For a few years, IÂ did a volunteer job of reading applications from gay High School seniors forÂ college scholarship money.Â One of the qualifications for this money was that the kids were “out”.Â The “out” requirement had been placed on the scholarships by the donor, Â a deceasedÂ gay man.
In one part ofÂ the application, the kids would tell their story.Â There were lots of happy stories of kids who cameÂ from supportive homes, had good grades,Â excelledÂ in everythingÂ and had lofty goals for themselves.Â But then, there were the others.
These were it kidsÂ rejected by their parents andÂ living with someone else. Others considered themselves “out” because they had told someone, but were frightened ofÂ telling their parents.
It seemed like there was a clear pattern.Â Kids with supportive parents were involved in more extracirricular activities and had higher grades.Â One would suspect theÂ kid rejected by his/her parents, or afraid the parentsÂ might find out, spentÂ all availableÂ time trying to navigate a difficult life rather than studying and doing High School activities.Â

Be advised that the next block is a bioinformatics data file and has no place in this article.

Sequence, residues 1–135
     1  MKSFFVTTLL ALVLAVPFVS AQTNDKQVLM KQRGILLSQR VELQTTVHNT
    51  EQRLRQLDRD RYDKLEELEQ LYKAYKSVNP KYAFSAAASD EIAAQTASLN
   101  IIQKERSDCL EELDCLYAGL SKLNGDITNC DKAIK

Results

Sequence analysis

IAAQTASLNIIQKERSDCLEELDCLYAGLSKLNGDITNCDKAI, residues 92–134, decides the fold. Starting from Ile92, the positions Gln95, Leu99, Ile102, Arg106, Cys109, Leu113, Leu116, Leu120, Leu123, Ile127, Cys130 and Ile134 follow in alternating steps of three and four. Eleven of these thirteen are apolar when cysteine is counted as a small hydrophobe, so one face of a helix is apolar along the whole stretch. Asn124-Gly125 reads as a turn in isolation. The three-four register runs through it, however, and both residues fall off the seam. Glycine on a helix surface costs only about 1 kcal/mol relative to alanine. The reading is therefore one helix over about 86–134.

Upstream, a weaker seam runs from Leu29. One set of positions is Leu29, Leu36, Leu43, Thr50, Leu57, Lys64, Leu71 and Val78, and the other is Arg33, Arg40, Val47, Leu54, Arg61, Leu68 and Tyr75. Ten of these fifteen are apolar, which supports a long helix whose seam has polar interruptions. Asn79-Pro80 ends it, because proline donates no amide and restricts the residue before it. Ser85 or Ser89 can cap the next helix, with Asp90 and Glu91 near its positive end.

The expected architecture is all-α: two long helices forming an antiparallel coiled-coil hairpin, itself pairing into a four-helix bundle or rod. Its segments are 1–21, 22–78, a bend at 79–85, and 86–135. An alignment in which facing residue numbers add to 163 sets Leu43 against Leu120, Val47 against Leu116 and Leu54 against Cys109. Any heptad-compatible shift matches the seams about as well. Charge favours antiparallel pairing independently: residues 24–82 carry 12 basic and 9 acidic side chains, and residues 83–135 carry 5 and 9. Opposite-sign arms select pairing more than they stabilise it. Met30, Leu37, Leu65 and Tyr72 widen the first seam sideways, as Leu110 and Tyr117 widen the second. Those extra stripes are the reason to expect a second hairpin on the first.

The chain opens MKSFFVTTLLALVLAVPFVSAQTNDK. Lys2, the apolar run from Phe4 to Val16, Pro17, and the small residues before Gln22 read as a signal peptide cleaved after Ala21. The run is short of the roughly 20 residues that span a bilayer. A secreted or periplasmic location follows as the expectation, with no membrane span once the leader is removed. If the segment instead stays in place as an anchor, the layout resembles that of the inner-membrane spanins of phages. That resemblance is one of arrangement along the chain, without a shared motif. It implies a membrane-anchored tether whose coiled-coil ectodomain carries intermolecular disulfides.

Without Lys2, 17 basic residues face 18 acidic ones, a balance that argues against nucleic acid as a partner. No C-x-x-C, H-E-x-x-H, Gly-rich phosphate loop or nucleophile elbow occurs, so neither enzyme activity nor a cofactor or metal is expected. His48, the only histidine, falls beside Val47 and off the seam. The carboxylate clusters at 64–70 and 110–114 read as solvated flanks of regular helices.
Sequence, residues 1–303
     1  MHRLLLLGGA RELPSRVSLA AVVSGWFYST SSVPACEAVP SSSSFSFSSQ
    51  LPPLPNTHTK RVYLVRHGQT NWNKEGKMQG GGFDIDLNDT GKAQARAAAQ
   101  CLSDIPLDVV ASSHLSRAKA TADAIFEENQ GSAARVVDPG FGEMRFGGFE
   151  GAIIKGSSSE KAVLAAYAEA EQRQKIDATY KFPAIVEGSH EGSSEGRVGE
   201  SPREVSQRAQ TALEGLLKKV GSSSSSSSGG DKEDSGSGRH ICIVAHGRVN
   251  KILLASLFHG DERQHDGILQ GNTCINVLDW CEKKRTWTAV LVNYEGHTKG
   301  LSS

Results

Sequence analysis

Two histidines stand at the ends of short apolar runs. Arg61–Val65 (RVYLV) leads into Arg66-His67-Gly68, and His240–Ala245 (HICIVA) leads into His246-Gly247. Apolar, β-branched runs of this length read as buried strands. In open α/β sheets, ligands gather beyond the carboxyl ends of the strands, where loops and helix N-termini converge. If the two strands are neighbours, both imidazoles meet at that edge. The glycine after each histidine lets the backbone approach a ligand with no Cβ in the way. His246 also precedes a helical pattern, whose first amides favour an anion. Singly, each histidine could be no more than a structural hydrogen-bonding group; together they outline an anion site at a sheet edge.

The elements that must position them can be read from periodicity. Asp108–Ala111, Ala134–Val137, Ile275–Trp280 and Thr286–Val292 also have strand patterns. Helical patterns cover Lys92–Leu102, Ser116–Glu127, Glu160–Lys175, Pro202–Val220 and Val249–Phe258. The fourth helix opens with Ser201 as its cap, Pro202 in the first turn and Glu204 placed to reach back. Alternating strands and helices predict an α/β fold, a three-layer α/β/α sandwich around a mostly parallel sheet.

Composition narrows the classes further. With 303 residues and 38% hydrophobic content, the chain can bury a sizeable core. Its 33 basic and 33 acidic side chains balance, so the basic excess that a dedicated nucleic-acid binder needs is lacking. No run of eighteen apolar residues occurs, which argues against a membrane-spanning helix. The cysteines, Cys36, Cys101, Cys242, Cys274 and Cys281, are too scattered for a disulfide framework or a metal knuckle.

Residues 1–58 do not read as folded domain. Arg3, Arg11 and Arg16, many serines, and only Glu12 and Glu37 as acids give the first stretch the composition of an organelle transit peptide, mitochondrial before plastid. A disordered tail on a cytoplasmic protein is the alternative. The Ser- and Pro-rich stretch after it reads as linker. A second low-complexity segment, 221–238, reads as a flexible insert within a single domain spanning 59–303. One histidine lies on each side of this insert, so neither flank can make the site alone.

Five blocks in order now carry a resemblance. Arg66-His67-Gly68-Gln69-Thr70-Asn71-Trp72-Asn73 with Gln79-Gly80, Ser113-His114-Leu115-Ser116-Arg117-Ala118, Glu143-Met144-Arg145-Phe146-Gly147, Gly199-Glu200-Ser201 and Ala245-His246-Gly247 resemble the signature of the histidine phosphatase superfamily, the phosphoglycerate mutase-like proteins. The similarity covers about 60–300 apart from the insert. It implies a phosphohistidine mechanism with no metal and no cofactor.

I’ve know of parents who have rejected their gay child and had the support of their pastor, relatives and friends.Â The most common explanationÂ of these parents is, “It’s against my religion.”Â
Â I think a more accurate answer would be, “I’m really kind of full of myself.”